HCPS will not require masks during any Fourth of July events that take place after July 1. Participants will still need to follow any parade committee guidelines.

“We expect to begin the 2021-2022 school year without masks,” the statement said. “We will continue to dialogue with the Harford County Health Department, as well as review CDC and MSDE guidance around schools and best practice response to COVID-19 throughout the summer.”

Howard County Public Schools officials announced a mask requirement as part of a planning update to the county board of education last week, “with the understanding that as the State’s orders changed, we could also make adjustments,” spokesman Brian Bassett said Wednesday.

“Those conversations will continue among staff and the Board through our continuing preparations for the fall and for our summer programming which will still be happening on July 1 when the new State orders are implemented,” Bassett said.

Which orders end July 1? Which are subject to the 45-day grace period?

In addition to the rest of the mask order, several other orders are set to end July 1. They include: quarantine and testing requirements for travelers; restricting the supply of hydroxychloroquine and other drugs; early release of inmates due to COVID-19 concerns; alternative marriage procedures; child care for essential personnel and shareholder meeting flexibility.

The evictions and foreclosures ban, emergency health operations and flexibility for driver’s license renewals will remain in place for an additional 45 days, ending Aug. 15, the governor said.

Other orders being extended include: the activation of the National Guard; state oversight of nursing homes; COVID testing by pharmacists; alternate care sites; vaccination reporting; health care work force flexibility; children’s health program contributions; EMS workforce augmentation; video hearings for the Maryland Insurance Administration; and health care license extension.

Looming evictions and foreclosures will be the top issue facing local leaders as they weigh how to respond to the ending state of emergency, said Michael Greenberger, founding director of the Center for Health and Homeland Security at the University of Maryland Carey School of Law.

“I would prefer personally that the state of emergency stay in place longer so that these eviction problems can be eliminated,” said Greenberger, who advises county leaders. “But I don’t think it’s crazy radical for the governor to say we are going to put a stop to this on Aug. 15.”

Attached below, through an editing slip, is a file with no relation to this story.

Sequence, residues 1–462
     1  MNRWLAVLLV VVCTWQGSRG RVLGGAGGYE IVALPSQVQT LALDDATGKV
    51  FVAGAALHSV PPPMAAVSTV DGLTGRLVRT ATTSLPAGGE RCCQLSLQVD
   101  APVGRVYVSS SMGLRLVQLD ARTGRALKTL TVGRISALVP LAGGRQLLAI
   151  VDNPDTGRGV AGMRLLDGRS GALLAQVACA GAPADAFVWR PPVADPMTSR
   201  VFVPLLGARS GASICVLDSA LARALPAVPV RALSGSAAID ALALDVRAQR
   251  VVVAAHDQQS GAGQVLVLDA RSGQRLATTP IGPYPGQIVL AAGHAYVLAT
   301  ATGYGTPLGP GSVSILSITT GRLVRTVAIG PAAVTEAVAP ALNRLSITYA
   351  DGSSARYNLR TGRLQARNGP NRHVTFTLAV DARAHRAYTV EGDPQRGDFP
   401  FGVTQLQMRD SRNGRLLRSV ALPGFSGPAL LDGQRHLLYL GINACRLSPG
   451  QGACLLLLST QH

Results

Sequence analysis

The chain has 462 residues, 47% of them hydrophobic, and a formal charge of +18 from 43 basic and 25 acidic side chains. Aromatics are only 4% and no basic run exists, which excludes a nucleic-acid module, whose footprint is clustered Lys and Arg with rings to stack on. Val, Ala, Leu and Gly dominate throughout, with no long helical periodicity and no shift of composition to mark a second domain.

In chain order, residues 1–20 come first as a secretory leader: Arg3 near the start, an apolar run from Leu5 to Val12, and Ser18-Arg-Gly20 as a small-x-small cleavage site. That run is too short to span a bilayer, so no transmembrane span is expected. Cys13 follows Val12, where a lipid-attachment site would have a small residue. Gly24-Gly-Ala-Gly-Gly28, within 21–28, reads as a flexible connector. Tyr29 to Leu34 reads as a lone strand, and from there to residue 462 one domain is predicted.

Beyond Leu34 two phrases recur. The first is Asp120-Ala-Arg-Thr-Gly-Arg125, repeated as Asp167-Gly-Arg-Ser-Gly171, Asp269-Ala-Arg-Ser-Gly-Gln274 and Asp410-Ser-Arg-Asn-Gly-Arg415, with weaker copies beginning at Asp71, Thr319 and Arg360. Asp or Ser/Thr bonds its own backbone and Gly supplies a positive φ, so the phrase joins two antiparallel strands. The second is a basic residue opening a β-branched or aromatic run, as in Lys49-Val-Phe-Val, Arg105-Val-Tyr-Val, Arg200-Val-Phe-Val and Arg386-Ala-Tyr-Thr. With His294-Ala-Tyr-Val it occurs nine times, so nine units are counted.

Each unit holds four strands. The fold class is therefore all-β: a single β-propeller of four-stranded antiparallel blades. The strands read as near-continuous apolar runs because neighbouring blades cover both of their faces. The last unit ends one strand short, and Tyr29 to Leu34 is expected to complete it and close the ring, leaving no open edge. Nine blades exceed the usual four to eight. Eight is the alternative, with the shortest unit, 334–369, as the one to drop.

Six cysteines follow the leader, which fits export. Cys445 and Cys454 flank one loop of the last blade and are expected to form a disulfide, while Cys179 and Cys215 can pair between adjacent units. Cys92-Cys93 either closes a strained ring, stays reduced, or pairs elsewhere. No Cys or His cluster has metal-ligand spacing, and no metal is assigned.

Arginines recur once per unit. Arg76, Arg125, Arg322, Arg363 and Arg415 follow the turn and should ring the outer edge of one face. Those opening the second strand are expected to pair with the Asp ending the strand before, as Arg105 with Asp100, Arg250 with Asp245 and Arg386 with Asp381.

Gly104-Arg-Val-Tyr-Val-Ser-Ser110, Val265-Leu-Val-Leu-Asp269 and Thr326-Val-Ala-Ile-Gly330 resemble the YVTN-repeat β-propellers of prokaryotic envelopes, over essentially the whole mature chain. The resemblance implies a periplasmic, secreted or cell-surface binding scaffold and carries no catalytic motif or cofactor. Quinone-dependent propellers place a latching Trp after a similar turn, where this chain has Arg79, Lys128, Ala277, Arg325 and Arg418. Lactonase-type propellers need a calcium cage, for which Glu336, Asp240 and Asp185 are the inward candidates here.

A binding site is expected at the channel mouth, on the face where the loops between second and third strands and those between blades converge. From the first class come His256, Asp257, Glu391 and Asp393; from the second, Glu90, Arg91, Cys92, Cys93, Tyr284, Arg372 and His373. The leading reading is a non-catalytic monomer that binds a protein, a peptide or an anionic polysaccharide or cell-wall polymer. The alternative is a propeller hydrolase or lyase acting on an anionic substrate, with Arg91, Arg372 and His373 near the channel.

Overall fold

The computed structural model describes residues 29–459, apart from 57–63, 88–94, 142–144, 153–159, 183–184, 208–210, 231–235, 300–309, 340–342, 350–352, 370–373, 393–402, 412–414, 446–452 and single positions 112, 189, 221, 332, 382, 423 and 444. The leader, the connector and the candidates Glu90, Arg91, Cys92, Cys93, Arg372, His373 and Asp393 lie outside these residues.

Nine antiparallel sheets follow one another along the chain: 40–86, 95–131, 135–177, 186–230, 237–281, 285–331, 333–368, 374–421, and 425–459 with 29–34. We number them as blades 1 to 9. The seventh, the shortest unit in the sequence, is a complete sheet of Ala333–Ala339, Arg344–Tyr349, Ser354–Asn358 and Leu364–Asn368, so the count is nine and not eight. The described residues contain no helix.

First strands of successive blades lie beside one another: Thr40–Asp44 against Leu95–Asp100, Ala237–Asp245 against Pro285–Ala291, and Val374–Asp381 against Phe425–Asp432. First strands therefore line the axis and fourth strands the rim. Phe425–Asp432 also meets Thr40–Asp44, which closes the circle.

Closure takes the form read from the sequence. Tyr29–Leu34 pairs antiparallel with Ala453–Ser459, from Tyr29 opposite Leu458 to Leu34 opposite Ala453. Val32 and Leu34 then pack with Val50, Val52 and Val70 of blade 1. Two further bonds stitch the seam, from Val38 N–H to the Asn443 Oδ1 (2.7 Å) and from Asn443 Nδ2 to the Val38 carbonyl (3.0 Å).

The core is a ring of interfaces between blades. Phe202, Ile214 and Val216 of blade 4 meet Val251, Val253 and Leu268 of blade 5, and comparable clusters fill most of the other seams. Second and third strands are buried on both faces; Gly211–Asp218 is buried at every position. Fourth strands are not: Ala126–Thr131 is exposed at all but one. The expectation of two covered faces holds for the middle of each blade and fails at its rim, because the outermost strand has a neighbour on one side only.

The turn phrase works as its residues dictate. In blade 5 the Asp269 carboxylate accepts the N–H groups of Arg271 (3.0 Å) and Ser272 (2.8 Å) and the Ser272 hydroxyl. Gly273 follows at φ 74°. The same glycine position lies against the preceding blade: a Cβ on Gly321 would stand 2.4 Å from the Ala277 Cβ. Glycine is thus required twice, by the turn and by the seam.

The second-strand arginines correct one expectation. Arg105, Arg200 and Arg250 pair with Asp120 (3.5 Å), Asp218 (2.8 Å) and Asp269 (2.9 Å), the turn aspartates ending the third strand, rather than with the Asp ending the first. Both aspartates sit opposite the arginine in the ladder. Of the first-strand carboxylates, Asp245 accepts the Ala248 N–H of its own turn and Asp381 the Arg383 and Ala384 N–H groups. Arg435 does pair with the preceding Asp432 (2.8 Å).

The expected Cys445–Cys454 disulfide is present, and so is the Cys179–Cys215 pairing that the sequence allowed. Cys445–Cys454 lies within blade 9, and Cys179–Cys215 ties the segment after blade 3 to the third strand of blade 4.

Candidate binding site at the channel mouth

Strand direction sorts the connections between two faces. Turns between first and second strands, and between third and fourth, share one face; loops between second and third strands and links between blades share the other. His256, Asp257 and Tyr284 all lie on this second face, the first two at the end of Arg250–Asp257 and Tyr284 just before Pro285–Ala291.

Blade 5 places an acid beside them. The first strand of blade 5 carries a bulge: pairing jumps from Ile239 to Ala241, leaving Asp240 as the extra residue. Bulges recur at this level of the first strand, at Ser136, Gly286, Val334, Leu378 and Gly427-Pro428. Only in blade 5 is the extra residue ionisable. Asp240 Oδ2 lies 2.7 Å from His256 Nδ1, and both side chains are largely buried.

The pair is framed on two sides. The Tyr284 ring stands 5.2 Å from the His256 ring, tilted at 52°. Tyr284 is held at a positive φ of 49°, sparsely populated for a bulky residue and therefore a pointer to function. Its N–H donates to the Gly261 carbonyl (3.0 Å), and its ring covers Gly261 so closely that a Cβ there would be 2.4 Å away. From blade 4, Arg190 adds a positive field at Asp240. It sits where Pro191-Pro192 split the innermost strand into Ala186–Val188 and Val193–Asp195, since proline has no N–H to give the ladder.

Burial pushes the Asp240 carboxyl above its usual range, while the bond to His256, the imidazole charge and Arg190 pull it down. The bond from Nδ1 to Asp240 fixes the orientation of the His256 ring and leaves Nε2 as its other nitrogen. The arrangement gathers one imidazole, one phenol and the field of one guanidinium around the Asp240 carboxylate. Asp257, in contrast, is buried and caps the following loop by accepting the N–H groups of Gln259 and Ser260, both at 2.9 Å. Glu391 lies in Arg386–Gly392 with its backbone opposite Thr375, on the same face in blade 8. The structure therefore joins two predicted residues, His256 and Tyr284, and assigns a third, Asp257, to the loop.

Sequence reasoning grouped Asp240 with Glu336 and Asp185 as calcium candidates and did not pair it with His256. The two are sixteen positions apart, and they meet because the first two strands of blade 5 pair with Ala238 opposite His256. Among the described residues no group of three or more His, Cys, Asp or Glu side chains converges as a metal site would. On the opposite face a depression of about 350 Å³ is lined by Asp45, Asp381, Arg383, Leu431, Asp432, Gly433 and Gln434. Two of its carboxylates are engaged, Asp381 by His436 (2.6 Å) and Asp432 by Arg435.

What happens under a state of emergency?

The state of emergency enables multiple options for emergency response and activates the Maryland Emergency Management Agency to deploy supplies and resources.

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It authorizes the governor to suspend laws and regulations, order evacuations, impose curfews and limit access to certain areas if “necessary in order to protect the public health, welfare, or safety.”

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The governor can also activate the Maryland National Guard and accept money and resources from the federal government and distribute it as needed. The end of the state of emergency does not preclude the state from receiving money from the Federal Emergency Management Agency, Hogan said.

A general state of emergency can last only for 30 days, so Hogan has renewed it multiple times over the course of the pandemic. The General Assembly has the authority to end a state of emergency by passing a resolution, but state lawmakers have expressed no interest in doing so.

What other states have also lifted their state of emergency orders?

In order to allow for the 45-day grace period, the state of emergency and catastrophic health emergency won’t actually lift until Aug. 15.

When they do, Maryland will become the latest state to end its COVID-related state of emergency. Massachusetts did so as of Tuesday, and Delaware is following suit in July.

In contrast, New Jersey ended its health emergency but continued its state of emergency. Vermont lifted all pandemic-related restrictions after vaccinating 80% of all residents.

Some jurisdictions have plans to phase out local state of emergency declarations. Baltimore County Executive Johnny Olszewski Jr., a Democrat, said he will allow his county’s state of emergency to expire July 9. In the city of Annapolis, the state of emergency will expire 30 days after the state’s ends.

Baltimore Sun reporter Pamela Wood contributed to this article.